IPCC’s new secret weapon: philosophy — aka ‘anything but the science’

Peter Foster writes in the Financial Post:

The kerfuffle over the obvious flaws in the Intergovernmental Panel on Climate Change’s computer models ahead of its Fifth Assessment Report has led to a cranking up of strategies that might be collectively described as “anything but the science.”

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3 thoughts on “IPCC’s new secret weapon: philosophy — aka ‘anything but the science’”

  1. When the human-production-of-CO2-could-be-dangerous concept first came up, it bore examination. Human activity does affect environments, especially the dirty industries of socialist workers’ paradises that didn’t even get the goods to the workers, not that I am bitter… It was conceivable that human production of CO2 was a significant temperature forcing and that warming might alter weather patterns.
    Okay, fair enough. We’ve examined the concept. Everything we’ve observed negates the idea that human production of CO2 or other atmospheric components is affecting temperatures or weather patterns. Given the chaotic nature of weather and climate, and given our limited instrument records, that was one foreseeable outcome.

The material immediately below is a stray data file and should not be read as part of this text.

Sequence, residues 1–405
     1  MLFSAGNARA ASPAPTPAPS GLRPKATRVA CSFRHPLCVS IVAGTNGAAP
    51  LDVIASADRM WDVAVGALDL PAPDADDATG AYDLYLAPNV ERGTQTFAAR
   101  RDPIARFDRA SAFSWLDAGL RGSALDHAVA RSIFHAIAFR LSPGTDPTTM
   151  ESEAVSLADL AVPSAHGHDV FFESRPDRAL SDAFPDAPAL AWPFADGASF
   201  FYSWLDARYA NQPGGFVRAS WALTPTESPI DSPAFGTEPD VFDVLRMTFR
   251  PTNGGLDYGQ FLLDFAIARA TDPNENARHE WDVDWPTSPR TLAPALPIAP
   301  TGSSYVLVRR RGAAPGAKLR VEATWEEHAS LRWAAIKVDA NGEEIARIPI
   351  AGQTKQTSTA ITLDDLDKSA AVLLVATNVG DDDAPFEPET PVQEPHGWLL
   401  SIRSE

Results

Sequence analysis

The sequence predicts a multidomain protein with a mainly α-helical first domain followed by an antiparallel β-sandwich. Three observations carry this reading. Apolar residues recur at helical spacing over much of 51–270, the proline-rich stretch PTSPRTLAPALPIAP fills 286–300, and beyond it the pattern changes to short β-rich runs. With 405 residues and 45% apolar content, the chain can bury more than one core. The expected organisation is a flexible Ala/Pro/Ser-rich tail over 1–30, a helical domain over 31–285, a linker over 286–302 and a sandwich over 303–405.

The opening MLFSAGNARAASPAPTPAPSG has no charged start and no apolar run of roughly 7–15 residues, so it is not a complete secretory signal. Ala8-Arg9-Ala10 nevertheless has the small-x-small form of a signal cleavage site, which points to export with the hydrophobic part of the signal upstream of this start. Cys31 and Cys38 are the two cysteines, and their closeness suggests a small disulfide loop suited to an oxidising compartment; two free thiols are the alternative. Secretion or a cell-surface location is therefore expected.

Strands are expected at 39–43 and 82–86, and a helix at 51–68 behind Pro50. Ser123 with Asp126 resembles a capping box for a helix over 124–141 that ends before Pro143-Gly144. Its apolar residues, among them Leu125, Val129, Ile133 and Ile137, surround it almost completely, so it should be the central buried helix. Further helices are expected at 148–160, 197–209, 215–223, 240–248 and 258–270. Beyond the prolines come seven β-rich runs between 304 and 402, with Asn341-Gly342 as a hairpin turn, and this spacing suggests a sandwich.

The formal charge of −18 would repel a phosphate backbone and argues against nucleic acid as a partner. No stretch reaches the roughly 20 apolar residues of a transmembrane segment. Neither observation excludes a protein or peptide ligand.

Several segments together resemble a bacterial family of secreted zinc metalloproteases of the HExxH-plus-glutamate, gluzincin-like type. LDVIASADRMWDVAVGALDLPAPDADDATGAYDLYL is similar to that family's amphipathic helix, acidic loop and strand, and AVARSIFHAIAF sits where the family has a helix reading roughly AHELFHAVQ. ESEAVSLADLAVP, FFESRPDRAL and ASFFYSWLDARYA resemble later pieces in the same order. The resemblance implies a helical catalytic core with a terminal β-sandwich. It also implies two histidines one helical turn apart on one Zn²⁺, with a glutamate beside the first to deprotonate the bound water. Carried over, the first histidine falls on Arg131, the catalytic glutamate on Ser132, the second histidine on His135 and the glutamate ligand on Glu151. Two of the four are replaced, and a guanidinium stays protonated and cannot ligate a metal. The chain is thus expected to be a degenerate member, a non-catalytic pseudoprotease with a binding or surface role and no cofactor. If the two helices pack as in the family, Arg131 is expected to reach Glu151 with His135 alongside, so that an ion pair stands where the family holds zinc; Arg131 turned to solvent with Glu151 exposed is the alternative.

The science not only fails to suppor the CAGW concept, it actually tends to disprove it. That being the case, philosophy says to discard the concept. Humanity says to employ and feed the poor so they can be better off. Good stewardship says to use resources wisely, at lowest cost for greatest benefit, and history says that liberty will produce the best result that direction.
    How in heck do “progressives” get any credibility or traction? Rhetorical question, of course…

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